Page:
Grants announcement – supporting community initiatives
In December we opened our main grant round for 2022/23. We set out to support community initiatives working towards digital equity and a safer, more positive Internet to benefit all of Aotearoa.
It’s our pleasure to share with you our latest grantees.
For this grant, we assessed applications on a rolling basis in an effort to make our funding more responsive. Talking with community groups helps us to understand the needs our people face. After receiving an unprecedented number of applications, we can now share that we have distributed $246,361 across 25 grants.
In this grant round we prioritised applications by tangata whenua (individuals or organisations that can identify their Māori whakapapa) and applications from groups who support and are led by Pasifika peoples, new migrants and former refugees, faith-based communities, the Rainbow community and gender minorities, and people with disabilities.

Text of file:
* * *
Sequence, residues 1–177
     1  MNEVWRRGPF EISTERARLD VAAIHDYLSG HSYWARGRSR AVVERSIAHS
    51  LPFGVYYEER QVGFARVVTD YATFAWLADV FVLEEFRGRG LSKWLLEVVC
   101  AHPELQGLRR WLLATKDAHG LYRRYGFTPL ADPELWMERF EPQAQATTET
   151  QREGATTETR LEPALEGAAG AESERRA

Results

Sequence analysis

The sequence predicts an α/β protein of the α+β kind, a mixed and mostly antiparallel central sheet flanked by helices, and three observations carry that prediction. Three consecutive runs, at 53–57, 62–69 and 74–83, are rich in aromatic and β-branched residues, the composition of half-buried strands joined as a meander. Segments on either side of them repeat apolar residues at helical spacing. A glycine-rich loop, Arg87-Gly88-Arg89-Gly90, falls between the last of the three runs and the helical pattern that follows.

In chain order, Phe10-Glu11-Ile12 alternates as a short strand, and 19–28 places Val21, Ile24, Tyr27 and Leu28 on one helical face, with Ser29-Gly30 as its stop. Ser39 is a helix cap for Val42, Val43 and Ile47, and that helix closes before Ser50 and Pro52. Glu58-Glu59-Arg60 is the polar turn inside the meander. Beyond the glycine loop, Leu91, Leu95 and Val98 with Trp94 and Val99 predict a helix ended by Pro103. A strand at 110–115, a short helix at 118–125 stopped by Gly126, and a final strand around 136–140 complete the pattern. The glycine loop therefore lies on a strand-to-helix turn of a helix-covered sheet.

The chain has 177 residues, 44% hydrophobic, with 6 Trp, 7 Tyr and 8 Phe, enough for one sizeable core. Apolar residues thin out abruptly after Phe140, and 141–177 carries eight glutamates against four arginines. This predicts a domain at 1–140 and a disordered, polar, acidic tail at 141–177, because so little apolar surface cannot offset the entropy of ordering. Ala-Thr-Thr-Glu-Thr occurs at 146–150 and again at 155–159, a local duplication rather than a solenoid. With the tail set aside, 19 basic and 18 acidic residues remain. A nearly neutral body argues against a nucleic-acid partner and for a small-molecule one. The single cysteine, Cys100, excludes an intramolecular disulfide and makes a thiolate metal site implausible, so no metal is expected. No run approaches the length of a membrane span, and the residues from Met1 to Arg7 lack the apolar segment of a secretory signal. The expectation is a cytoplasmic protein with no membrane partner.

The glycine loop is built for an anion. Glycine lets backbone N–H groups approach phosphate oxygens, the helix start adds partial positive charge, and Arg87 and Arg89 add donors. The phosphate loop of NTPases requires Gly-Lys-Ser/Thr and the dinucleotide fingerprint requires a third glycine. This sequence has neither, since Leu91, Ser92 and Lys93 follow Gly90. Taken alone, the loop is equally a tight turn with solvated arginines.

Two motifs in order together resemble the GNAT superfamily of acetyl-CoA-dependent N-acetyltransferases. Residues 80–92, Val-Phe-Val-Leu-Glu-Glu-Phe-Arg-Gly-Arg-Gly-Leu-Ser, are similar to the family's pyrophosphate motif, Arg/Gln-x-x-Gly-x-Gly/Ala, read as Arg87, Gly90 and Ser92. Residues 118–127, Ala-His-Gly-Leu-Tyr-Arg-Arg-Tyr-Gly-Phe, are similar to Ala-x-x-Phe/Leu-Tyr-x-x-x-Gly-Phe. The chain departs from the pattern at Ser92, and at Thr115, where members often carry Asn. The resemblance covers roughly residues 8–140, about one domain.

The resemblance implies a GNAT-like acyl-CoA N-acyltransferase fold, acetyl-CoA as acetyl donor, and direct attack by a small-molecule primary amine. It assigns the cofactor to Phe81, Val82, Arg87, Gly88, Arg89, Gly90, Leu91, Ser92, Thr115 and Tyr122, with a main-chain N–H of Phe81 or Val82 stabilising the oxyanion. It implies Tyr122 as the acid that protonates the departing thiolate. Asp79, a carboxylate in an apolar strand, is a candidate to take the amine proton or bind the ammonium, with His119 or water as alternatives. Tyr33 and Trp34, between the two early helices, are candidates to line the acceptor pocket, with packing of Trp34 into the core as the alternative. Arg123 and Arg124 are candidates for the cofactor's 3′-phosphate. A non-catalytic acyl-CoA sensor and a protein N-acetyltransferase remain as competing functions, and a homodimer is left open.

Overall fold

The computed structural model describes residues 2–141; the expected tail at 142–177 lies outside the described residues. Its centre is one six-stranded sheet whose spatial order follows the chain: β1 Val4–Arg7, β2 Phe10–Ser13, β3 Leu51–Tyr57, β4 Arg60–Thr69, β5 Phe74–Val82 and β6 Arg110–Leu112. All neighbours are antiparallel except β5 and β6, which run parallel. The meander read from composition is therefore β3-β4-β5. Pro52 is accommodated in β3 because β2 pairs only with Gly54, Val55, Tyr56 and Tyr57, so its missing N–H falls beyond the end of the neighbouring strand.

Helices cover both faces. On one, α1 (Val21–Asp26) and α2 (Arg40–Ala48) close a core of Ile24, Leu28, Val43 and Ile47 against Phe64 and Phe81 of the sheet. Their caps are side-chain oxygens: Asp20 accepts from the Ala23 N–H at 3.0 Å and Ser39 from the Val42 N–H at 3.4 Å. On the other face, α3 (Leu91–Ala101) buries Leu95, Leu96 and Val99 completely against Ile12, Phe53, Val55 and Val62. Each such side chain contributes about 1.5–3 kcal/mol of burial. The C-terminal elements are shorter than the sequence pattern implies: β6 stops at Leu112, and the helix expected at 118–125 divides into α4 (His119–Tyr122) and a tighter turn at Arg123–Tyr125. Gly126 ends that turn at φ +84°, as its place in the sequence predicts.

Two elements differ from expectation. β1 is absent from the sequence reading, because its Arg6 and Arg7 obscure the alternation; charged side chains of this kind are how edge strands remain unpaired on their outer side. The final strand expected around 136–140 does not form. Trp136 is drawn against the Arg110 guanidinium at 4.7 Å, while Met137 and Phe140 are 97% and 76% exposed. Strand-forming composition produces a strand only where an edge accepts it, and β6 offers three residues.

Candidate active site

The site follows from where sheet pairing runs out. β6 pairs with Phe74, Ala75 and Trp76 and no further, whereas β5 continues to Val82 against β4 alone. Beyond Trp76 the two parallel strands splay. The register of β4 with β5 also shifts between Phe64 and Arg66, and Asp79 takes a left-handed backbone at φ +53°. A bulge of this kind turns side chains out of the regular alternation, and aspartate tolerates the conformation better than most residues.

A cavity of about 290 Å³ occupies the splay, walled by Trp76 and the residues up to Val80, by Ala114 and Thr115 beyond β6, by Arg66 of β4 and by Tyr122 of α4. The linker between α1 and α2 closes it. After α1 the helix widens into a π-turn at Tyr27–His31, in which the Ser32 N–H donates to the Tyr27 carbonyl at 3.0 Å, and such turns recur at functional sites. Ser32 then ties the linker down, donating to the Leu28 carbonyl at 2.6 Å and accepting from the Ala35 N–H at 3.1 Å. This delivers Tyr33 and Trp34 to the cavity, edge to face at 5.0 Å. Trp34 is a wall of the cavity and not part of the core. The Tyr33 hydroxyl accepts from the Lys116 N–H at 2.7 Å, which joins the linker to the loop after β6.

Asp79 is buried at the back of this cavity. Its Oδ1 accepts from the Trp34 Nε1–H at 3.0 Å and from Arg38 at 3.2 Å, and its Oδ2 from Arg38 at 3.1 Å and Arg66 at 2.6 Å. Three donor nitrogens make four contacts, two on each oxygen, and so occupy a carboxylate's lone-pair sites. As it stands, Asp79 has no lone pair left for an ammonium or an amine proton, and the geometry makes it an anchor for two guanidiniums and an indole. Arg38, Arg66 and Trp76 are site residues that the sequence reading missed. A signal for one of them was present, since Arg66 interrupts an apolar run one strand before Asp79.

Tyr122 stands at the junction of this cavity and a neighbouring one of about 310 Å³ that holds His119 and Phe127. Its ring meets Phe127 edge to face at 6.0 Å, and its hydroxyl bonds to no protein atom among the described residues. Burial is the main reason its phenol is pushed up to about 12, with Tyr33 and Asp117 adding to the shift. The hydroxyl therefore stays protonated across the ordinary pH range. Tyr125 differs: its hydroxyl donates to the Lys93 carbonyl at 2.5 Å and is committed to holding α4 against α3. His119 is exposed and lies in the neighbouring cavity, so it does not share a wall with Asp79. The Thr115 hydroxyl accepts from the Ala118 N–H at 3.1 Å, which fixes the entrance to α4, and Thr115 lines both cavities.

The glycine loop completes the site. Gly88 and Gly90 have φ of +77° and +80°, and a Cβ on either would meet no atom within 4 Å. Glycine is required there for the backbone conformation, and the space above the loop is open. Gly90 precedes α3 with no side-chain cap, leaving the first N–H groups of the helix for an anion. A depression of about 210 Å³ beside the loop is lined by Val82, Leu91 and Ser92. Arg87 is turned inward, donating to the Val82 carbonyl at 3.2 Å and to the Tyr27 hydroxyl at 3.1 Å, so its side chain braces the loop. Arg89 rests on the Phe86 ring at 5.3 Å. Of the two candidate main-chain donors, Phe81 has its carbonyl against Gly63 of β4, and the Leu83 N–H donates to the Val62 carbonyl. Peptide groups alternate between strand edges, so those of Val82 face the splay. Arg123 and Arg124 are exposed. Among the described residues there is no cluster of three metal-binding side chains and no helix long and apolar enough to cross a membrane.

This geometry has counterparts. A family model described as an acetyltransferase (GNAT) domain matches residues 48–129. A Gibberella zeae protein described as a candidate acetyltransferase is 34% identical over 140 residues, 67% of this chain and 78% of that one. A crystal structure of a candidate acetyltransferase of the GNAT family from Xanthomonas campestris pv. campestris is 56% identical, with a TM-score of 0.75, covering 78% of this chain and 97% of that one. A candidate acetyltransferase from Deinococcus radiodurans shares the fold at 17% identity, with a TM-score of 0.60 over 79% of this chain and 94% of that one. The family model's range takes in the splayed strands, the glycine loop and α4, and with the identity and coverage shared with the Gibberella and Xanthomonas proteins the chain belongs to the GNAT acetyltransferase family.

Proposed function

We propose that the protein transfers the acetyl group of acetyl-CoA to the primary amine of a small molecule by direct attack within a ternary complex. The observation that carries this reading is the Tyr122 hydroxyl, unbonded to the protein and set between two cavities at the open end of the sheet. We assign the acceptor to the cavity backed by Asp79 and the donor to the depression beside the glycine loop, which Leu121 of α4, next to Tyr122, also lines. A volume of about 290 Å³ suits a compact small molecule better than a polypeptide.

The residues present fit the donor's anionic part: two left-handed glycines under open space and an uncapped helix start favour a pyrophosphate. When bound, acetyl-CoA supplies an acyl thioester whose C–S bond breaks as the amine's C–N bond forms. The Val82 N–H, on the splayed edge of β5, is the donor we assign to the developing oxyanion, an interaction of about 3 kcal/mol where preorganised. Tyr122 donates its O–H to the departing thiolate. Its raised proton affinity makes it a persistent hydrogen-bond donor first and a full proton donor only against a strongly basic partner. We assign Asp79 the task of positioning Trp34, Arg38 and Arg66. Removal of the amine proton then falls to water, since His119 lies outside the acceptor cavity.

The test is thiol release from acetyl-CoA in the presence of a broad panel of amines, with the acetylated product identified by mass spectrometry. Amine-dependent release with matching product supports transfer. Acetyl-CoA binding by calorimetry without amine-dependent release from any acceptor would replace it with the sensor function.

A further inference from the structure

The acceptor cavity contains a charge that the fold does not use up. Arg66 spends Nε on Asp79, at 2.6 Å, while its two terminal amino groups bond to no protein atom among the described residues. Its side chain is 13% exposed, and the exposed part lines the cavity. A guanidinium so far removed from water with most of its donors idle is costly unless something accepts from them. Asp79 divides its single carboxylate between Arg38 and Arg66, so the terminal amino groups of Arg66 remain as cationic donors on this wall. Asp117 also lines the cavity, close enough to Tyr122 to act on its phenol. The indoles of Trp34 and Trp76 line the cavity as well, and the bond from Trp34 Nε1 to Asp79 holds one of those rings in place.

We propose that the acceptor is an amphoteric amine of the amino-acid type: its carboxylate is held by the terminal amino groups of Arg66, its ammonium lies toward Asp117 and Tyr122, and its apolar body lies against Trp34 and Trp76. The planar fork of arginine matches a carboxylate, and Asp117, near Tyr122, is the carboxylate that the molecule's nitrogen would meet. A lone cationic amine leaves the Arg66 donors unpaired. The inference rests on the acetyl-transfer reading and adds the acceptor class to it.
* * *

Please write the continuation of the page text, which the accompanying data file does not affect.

Here is the full list of successful grantees:
AI and digital identity workshop development
Be More Human Charitable Trust, $10,000
To run an educational programme with young people about AI, machine learning, and open-source technologies, which will open up opportunities for them and support more diverse contributors to this kind of technology.
Digital Technology Learning for career growth
Al-Murtaza Association (NZ) Incorporated, $10,000
Funding to run a digital skills training programme for teenagers and migrant women to gain employment and independence.
Five AM Digital Safety Wānanga
Five AM, $9,800